Endoscopic Retrograde Cholangiopangreatography

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My grandma is getting this tomorrow. I tried googling it and the answers I got were too complicated for a layman. I’m just a bit worried about everything, if there’s anything you can tell me to ease my mind about this please do tell me. Thank you.

In: Biology

These are also called ERCPs— your grandma is put comfortably to sleep with medicine through her IV and a scope (or a long tube with a camera on it) goes through her mouth, esophagus, stomach, and ends up in a certain area of the small intestine.

The gallbladder produces bile, which helps us digest food, but sometimes this bile turns into hard stones that can block the tiny tube between the gallbladder and the small intestine called the bile duct. The goal of the procedure is often to remove any gallbladder stones that may be blocking the bile duct. If the bile duct is blocked, you may have jaundice, severe pain, or other problems. There are also other reasons to do an ERCP, but this is the main one. It’s a minimally invasive way to work on the bile duct/gallbladder/pancreas area.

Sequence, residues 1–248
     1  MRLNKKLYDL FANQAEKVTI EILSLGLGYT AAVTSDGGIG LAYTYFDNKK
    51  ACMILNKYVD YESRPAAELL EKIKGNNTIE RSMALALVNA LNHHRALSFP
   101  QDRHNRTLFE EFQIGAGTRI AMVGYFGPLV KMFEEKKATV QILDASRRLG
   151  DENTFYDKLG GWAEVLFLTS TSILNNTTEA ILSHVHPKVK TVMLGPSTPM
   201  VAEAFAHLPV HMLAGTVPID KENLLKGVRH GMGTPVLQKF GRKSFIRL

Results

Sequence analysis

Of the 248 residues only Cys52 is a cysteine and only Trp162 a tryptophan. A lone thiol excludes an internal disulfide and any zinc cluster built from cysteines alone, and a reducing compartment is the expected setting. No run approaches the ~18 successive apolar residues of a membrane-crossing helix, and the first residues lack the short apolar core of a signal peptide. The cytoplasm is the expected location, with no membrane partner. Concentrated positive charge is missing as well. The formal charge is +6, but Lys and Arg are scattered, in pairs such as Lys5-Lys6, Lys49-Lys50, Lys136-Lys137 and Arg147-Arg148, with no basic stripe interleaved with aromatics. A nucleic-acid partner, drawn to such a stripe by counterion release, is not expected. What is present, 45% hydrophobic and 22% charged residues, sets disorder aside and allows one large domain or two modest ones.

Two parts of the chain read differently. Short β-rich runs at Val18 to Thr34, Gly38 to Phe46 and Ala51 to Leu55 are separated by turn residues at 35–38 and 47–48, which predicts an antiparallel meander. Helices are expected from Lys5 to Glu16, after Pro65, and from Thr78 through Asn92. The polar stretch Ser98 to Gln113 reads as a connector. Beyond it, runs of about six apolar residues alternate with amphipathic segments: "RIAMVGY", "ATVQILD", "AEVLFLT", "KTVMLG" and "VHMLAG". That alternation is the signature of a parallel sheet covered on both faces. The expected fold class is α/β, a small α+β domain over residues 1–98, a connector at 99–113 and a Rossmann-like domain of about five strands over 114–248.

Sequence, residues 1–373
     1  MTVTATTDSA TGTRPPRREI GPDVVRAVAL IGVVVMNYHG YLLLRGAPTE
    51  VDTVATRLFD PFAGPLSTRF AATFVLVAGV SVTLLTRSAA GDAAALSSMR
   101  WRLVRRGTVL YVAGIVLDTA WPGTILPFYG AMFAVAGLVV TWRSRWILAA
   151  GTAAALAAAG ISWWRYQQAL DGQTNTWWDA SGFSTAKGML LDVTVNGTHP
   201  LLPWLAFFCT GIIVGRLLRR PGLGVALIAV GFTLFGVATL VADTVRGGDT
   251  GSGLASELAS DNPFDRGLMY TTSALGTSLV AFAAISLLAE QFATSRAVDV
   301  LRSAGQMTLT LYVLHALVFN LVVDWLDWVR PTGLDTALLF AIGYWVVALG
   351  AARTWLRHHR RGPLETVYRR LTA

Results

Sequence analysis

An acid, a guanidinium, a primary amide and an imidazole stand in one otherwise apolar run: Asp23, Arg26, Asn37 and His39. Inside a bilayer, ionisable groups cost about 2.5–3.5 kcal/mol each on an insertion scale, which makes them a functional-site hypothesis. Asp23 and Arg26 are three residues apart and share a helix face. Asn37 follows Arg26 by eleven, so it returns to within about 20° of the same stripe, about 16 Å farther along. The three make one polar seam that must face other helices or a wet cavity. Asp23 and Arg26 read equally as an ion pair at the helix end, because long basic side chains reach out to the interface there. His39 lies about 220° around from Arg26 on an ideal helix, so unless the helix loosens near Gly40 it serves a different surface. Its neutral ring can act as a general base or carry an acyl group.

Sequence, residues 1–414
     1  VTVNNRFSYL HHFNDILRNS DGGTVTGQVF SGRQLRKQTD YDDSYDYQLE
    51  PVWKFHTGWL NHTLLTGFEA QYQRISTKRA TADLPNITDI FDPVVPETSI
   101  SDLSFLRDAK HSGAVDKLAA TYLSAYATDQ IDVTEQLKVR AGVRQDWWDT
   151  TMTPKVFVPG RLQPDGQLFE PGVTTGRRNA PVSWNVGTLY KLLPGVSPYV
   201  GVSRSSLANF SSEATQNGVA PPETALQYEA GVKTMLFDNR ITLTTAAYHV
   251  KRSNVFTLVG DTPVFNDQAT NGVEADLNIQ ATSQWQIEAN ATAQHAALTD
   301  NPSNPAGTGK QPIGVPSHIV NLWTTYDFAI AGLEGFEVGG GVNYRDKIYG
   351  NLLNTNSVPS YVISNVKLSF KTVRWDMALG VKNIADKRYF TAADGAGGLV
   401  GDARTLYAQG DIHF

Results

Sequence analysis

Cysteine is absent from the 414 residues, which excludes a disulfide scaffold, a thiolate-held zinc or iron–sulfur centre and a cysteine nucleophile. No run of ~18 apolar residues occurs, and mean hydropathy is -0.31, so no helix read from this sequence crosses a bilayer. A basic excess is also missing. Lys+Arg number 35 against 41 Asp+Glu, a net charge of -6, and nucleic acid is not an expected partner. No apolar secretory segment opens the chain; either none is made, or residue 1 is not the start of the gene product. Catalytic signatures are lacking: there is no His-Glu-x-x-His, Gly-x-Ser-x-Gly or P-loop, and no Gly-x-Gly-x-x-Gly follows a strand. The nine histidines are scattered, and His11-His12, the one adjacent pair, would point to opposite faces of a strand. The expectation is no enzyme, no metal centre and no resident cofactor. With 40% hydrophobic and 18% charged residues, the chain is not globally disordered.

The nice thing about endoscopic procedures is how there are no big skin incisions like in other surgeries. People may wake up with a sore throat from the scope going down, or maybe not. Of course, like with any procedure, there are risks that your doctor will (or has already) explained to your grandma and/or the person signing the consent form for her medical care.